8. Hand dryers are effective at killing the coronavirus. Just a myth. Don’t bother. Just wash them properly and do it more often. And don’t forget to rub for 20 seconds.

9.You can get Covid-19 from imported oranges. Another (fruity) myth.

10. Pouring alcohol on your hands can cure coronavirus. Myth. It will only help you sanitize your hands. However,  it is also important to know that  whether you are trying to kill bacteria or viruses, research has found that only an alcohol concentration of 60% is effective. Also, don’t always rely on a hand sanitizer. Make sure you wash your hands with soap and hot water as often as you can.

11. Masks keep you safe from catching the disease. No. Unfortunately, there’s no guarantee. According to WHO, masks are effective only when used in combination with frequent hand-cleaning with alcohol-based hand rub or soap and water. Also, if you are healthy, you only need to wear a mask if you are taking care of a person with suspected 2019-nCoV infection.

12. Covid 19 can be transmitted by mosquitoes. False. According to World Health Organization, “The new coronavirus is a respiratory virus which spreads primarily through droplets generated when an infected person coughs or sneezes, or through droplets of saliva or discharge from the nose.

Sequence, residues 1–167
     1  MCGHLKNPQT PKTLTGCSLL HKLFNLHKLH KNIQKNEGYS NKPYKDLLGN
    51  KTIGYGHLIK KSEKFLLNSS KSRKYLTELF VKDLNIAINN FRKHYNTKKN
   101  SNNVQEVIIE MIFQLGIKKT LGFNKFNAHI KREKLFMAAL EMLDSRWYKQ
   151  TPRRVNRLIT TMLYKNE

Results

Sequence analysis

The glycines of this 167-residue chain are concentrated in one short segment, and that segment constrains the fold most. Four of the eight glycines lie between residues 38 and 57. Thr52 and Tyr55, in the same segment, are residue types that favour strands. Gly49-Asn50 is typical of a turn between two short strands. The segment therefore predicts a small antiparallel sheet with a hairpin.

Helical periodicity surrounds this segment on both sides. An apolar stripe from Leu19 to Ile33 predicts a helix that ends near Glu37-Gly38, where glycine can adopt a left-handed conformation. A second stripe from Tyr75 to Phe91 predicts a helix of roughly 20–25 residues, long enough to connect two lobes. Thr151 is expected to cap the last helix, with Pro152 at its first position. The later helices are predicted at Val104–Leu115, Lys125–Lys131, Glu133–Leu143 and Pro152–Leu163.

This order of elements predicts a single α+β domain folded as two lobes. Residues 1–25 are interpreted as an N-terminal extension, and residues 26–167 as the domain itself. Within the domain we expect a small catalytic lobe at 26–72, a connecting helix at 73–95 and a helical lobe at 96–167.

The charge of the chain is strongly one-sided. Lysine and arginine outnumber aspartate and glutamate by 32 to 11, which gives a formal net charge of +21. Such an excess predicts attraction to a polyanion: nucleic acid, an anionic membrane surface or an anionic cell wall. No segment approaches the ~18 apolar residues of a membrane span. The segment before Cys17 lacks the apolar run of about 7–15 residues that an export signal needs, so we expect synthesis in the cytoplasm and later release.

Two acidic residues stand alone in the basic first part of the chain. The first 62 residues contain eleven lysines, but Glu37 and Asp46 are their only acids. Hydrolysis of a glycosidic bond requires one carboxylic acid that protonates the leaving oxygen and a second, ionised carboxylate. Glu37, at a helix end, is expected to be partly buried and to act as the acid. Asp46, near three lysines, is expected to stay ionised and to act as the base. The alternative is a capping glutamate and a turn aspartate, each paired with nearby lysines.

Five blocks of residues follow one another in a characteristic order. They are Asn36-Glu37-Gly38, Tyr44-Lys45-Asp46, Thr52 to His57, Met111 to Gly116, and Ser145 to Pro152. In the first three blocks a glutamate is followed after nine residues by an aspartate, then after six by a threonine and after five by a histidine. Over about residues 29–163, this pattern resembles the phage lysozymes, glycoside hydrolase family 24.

13. And the most important of them all “everyone with Covid-19 dies”. Oh, the myth that started major panic all around the world. That’s not true and you know it. So far there have been 741, 907 cases of coronavirus out of which, 35, 337 died and 156, 602 recovered.

14. UV lamps can kill the coronavirus. Myth. UV lamps should not be used to sterilize hands or other areas of skin as UV radiation can cause skin irritation.

15. The virus originated in a lab in china. Myth. The disease appears to have originated from a Wuhan wet market where wild animals, including marmots, birds, rabbits, bats, and snakes are traded legally.

16. If you eat meat you will get coronavirus. False. As long as the food is thermally processed, you’re safe.

17. Cats and dogs spread Covid-19. False. They are not carriers of the disease, however, they can still spread it through their fur or dirty paws. So, make sure you keep them clean and healthy.

18. Drink bleach to help yourself not get sick. WOW. This is by far, the craziest, most dangerous thing that I’ve read on the internet. NO! By all means, DO NOT EVER drink bleach. Get away from that bleach!!!

19. Rinsing your nose with saline help prevent the infection with Covid-19. No. According to World Health Organization, there is no evidence that regularly rinsing the nose with saline has protected people from infection with the new coronavirus. 

20. Antibiotics may be effective in preventing or treating the new coronavirus. NO. According to World Health Organization, antibiotics do not work against viruses, only bacteria. The new coronavirus (2019-nCoV) is a virus and, therefore, antibiotics should not be used as a means of prevention or treatment. However, if you are hospitalized for the 2019-nCoV, you may receive antibiotics because bacterial co-infection is possible.



Stephanie Reeds